The political status of arrangements between Taiwan and China are expected to be hot topics over the next two weeks, with Democratic Progressive Party (DPP) members attending cross-strait affairs forums in Beijing in clusters after a Chinese Nationalist Party (KMT)-Chinese Communist Party (CCP) forum reaffirmed the “one China” framework as the basis of cross-strait engagement last week.
Former DPP chairman Hsu Hsin-liang (許信良), DPP Central Executive Committee member Hung Chi-kune (洪智坤) and several academics who served in the former DPP administration, are among the Taiwanese participants in a forum to be held in Shanghai on Thursday and Friday.
Participation in events like this is no longer a taboo within the DPP, which now only requests advanced notification from members who are to attend academic forums or other events related to cross-strait affairs so the party can better engage Beijing.
The focus of the forum could center around the political relationship between Taiwan and China, after KMT honorary chairman Wu Poh-hsiung (吳伯雄) last week made a splash with his parroting of the “one China” framework, which the DPP vehemently opposes.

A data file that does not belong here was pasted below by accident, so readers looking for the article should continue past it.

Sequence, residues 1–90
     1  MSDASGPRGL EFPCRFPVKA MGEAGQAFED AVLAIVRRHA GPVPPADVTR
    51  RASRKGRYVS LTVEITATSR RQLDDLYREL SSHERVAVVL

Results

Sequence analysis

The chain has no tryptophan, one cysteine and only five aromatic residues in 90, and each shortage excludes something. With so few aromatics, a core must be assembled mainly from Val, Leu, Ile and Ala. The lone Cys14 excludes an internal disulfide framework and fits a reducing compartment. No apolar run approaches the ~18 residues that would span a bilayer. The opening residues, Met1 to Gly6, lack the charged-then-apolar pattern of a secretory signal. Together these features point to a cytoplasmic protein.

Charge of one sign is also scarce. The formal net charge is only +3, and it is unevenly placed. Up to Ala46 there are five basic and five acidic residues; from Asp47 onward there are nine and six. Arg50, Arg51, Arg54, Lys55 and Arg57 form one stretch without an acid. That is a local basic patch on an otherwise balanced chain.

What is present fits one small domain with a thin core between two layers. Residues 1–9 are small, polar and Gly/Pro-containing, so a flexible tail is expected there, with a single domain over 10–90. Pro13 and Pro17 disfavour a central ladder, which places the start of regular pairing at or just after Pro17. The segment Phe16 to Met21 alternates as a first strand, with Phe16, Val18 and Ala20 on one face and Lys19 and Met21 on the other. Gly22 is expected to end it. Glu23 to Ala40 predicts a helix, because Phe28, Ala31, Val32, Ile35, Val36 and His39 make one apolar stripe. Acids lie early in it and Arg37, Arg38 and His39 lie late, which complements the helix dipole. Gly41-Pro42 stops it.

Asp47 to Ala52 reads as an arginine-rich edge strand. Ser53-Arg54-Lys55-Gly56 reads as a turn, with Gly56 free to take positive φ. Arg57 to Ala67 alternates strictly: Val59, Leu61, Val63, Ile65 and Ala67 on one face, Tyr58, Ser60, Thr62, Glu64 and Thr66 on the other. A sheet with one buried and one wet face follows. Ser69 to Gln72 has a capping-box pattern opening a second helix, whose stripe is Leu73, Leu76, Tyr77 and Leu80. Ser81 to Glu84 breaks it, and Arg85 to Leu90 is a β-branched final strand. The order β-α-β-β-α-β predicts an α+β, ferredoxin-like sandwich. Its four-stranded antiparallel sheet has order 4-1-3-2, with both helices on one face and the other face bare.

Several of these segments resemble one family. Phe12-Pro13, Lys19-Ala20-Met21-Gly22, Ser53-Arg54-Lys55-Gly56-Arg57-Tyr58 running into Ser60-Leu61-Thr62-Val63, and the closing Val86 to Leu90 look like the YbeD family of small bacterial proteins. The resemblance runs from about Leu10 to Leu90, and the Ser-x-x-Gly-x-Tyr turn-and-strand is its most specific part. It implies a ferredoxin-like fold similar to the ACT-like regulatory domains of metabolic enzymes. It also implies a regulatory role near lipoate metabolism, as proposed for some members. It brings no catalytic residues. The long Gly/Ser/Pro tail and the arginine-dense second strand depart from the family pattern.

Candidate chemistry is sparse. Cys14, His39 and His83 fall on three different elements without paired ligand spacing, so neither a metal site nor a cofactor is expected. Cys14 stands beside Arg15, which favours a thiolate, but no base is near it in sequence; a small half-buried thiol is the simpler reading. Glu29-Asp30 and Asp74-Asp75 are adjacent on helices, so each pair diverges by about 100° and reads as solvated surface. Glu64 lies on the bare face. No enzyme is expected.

Hsu, who advocates a modest China policy, said yesterday that he planned to bring up his initiative of a China Council — based on the European Council model — in the forum, backed by China’s Taiwan Affairs Office and the Institute of Taiwan Studies of the Chinese Academy of Social Sciences.
The 72-year-old said the initiative would make the DPP “an attacker” with creative proposals on China policy, which could find the best solution to protect Taiwan’s “status quo” if the “one China” framework is inevitable.
Hung, who is already in Shanghai, wrote on his Facebook page that participants are attending the forum in a private capacity and would only speak on that basis.
“The ‘one China’ framework upheld by the KMT and the CCP is based on nationalism. I don’t think nationalism alone could persuade the Taiwanese into accepting the arrangement,” Hung said.
He added that discussions of a political endgame would only be possible when both sides of the Taiwan Strait share similar values on freedom, democracy and human rights.
Meanwhile, former premier Frank Hsieh (謝長廷) is scheduled to attend a two-day forum in Hong Kong on June 29 and 30. The forum is being organized by Hsieh’s Taiwan Reform Foundation and the Institute of Taiwan Studies.
The forum is another attempt by Hsieh to foster closer DPP-CCP ties since his visit to Beijing in October last year as the first senior DPP politician to visit China.
Hsieh, also a moderate on China policy, has been advocating a “two sides, two constitutions” (兩岸兩憲) initiative, saying that both sides should be able to recognize the legitimacy of each other’s constitutions and strengthen bilateral ties.